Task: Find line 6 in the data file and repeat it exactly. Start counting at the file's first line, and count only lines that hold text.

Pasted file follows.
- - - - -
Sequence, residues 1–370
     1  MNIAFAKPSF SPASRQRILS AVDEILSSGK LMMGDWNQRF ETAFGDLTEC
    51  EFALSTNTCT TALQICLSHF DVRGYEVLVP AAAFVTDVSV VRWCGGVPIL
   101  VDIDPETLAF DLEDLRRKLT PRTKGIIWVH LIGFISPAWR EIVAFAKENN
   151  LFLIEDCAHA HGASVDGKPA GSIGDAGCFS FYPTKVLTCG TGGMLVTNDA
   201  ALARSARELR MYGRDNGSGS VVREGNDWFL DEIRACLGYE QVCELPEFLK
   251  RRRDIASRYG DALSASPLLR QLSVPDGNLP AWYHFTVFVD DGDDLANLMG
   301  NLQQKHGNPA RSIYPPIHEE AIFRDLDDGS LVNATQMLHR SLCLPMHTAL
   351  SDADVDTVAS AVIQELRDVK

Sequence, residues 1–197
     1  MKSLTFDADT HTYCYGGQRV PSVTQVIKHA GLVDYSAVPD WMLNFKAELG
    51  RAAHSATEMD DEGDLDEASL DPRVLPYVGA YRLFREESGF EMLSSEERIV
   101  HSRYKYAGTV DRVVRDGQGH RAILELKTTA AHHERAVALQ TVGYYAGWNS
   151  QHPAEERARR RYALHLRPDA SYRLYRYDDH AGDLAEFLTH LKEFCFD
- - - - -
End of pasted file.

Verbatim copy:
   201  ALARSARELR MYGRDNGSGS VVREGNDWFL DEIRACLGYE QVCELPEFLK